We have been asked to consider a hypothetical motion and we all know that hypothetical debates can be very unproductive. Does this matter to the Reform Party? I do not think so. What is not hypothetical are the bedrock principles of the Constitution which provide for two independent self-regulating Houses of Parliament. The government is not prepared to jettison this principle today. This is not to say the status quo cannot be approved. We supported the ambitious package of changes, including Senate reform, contained in the Charlottetown accord.

As stated in the speech from the throne in February, the government believes the desire for change is broadly shared across Canada. The government intends to focus priority issues and positive issues to prepare Canadians for the 21st century, initiatives that will improve the lives of Canadians and which would bring them economic prosperity, jobs, equality, social justice, security in their retirement and safe communities.

When I debate this motion and we talk about the issues of concern here, instead of debating a motion that is negative and very poorly prioritized, akin to decorating the living room while the roof needs repair, what we want to deal with are issues that are of real concern to Canadians, issues that would change their lives and make the country move forward into the 21st century and prosper. That of course is too much for the Reform Party to deal with because it does not have any answers to those problems.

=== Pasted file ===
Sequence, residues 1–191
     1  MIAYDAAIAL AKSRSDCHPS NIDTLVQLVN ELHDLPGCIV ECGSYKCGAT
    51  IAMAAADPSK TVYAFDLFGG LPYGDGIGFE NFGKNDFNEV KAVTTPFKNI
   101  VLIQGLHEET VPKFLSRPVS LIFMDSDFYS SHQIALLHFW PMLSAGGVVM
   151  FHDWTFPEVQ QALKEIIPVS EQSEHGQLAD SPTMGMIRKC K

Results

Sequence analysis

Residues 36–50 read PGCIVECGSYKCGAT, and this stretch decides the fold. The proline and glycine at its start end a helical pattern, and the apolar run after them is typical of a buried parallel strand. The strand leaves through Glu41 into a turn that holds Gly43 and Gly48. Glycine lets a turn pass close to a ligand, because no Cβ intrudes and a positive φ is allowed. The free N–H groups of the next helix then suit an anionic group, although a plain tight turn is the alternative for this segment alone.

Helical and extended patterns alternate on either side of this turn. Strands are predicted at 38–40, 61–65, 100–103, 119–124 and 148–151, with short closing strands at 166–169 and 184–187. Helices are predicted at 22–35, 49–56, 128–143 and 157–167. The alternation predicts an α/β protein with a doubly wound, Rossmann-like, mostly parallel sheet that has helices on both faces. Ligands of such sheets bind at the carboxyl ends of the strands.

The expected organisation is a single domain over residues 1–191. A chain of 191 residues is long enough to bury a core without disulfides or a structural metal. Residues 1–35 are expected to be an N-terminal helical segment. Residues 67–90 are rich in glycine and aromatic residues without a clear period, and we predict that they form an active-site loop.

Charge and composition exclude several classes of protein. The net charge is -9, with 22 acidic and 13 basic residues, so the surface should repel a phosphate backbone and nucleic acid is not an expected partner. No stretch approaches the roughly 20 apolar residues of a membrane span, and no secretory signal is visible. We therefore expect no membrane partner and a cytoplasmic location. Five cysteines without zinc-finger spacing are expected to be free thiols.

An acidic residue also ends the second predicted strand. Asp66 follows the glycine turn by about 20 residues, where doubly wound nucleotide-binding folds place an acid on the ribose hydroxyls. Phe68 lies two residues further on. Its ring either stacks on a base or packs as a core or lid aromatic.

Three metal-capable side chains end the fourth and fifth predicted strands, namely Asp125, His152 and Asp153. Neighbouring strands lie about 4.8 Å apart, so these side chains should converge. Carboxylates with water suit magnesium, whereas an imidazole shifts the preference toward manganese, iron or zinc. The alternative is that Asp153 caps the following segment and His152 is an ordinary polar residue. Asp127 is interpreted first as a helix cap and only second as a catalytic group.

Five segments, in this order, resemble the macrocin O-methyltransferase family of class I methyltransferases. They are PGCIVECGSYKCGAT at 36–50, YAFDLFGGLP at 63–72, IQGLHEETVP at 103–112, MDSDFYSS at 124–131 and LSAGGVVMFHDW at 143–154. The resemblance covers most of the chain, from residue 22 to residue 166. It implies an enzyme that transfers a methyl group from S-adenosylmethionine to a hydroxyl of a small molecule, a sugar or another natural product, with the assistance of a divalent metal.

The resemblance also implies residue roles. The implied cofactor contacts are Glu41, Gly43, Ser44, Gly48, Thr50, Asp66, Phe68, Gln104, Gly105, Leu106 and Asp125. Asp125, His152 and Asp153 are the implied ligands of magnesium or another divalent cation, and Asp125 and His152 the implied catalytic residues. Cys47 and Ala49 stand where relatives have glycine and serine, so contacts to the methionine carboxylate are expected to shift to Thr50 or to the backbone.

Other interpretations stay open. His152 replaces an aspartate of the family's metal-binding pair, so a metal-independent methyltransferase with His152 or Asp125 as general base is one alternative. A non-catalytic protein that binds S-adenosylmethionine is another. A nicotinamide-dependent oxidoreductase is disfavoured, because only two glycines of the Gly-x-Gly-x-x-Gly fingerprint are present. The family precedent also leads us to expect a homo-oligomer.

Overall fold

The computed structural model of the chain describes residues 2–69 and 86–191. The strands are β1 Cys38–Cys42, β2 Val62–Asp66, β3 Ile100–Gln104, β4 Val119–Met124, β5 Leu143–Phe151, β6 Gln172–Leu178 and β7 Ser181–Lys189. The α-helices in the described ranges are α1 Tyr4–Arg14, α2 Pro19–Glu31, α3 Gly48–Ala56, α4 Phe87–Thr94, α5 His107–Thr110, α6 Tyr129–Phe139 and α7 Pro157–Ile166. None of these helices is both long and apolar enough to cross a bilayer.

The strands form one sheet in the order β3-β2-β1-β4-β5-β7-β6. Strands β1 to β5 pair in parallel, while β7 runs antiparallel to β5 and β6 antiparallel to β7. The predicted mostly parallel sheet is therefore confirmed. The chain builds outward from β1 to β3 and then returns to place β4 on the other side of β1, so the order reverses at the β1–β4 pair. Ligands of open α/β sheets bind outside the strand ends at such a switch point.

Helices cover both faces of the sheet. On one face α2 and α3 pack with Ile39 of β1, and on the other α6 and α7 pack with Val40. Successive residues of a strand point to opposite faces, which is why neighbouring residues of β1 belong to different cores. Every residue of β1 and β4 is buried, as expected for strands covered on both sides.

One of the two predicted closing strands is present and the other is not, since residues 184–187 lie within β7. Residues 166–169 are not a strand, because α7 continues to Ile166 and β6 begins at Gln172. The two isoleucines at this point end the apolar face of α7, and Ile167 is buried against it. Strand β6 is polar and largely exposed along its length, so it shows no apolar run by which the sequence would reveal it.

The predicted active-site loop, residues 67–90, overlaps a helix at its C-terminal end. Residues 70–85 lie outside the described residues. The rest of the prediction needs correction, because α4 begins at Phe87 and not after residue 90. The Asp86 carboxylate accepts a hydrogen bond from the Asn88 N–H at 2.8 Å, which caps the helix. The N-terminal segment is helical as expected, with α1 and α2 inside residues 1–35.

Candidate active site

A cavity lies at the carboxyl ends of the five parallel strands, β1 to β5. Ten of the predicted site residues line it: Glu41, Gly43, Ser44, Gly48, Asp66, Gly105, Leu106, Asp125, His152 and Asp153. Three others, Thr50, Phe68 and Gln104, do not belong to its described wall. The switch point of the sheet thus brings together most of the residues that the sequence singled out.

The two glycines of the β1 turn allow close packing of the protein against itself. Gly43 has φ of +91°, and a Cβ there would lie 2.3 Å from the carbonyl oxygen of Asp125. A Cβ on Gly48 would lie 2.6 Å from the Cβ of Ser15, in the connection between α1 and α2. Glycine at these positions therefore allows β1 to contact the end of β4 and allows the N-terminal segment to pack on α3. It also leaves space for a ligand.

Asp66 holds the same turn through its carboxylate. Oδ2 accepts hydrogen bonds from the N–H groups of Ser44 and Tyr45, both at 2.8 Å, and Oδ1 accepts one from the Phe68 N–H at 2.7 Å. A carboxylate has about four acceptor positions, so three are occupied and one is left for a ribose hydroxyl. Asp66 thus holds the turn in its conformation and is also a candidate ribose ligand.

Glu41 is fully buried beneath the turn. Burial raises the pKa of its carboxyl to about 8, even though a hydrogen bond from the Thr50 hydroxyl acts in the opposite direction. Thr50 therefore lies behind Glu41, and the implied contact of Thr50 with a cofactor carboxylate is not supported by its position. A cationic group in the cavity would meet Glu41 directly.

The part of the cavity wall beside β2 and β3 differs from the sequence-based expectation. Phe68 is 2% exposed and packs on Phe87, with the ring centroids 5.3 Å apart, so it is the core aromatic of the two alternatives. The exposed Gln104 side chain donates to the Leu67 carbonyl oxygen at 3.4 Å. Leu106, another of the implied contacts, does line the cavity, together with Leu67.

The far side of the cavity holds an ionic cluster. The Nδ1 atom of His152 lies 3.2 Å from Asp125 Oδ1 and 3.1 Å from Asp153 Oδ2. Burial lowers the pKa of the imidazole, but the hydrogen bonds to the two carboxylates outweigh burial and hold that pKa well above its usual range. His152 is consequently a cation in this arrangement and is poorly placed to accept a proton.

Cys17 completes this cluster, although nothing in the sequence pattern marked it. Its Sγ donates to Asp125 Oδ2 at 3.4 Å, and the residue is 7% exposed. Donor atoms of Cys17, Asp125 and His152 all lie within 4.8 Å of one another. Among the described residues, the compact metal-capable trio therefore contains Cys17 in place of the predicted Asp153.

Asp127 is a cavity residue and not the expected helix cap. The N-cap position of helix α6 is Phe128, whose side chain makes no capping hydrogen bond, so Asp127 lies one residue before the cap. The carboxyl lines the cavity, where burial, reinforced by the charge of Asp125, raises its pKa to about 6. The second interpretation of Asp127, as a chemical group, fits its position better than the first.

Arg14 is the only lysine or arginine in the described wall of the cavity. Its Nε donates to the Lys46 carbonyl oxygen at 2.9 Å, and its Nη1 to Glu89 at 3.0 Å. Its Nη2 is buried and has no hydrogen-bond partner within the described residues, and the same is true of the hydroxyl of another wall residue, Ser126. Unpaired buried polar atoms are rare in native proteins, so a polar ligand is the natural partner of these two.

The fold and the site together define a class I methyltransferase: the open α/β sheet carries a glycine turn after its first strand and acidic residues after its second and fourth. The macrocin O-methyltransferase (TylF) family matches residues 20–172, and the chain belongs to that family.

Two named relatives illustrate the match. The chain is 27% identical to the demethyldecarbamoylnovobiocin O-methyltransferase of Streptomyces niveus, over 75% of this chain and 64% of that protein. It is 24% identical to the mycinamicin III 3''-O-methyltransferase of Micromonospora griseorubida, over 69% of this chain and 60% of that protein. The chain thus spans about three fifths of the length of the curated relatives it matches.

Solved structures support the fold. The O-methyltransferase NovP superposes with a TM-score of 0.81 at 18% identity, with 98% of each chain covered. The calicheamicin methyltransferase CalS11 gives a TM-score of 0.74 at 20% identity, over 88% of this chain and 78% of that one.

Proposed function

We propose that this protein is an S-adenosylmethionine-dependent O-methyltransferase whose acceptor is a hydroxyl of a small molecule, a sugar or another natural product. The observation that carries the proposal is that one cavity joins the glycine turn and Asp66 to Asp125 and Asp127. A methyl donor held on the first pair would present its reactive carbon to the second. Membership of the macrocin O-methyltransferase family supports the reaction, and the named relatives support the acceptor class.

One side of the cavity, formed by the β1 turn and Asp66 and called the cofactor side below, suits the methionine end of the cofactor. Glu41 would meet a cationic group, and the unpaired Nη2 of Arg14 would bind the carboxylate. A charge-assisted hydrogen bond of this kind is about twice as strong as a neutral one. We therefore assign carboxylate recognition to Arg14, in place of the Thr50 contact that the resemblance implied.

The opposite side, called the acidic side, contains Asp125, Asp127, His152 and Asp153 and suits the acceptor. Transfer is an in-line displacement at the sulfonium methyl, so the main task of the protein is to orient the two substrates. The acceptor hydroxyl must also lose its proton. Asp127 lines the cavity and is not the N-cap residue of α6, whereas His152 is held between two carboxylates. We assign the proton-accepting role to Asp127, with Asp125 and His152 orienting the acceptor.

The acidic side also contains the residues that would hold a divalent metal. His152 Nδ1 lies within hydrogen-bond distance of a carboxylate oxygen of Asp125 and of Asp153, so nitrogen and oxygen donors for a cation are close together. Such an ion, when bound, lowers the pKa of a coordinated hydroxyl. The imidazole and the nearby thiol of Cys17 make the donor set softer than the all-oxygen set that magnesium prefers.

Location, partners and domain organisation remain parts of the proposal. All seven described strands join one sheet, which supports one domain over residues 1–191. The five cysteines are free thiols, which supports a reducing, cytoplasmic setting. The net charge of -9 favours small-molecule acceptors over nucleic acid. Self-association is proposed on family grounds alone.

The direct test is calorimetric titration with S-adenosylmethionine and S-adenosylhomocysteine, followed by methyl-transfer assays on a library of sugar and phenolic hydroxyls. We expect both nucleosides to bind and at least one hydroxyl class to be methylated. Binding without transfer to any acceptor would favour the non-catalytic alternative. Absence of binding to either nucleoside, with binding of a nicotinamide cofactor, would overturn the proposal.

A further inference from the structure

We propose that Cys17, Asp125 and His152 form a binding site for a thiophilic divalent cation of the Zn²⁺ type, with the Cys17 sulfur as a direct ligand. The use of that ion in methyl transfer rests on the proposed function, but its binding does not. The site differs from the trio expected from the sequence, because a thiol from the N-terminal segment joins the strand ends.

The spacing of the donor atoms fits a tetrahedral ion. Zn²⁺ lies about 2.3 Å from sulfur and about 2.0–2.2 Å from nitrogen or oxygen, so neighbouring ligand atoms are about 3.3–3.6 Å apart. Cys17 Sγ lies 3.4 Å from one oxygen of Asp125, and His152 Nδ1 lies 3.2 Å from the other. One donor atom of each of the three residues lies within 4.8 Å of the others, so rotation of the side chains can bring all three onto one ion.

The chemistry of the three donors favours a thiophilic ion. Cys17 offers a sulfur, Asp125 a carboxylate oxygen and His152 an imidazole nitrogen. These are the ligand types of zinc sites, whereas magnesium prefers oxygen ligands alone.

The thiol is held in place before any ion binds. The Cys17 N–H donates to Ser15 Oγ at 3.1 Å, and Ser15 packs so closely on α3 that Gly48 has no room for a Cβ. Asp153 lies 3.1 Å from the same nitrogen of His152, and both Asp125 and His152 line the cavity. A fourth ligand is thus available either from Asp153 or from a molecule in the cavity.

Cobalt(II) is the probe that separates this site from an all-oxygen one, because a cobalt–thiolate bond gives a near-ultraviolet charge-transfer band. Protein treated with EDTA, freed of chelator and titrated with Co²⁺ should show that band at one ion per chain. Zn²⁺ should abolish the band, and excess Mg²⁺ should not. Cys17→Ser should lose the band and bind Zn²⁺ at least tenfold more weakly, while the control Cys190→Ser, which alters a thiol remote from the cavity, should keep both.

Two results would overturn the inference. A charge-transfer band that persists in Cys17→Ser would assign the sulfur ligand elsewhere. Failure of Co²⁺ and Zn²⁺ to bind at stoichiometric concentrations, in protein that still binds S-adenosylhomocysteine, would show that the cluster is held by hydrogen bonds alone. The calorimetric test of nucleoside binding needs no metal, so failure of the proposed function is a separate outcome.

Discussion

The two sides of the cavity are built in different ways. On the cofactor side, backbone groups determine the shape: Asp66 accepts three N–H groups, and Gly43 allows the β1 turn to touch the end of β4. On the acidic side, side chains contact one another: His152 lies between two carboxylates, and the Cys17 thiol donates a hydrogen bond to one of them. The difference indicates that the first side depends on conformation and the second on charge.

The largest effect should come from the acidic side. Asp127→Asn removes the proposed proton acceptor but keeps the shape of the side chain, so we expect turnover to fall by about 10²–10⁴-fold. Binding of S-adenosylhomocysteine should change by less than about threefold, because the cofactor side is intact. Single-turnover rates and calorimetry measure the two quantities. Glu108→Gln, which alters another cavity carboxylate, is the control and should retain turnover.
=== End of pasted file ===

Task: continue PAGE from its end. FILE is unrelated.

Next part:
SupplyGovernment Orders

10:40 a.m.


Bill Gilmour Reform Comox—Alberni, BC

Mr. Speaker, I am not sure what the member across has been reading but I get her point that this is a hypothetically debate. We are to vote on the estimates. It is the first vote in the House on the estimates. It is the money for the Senate. There is nothing hypothetical about this at all. It is a $40 million vote for the other place. What we are talking about is accountability.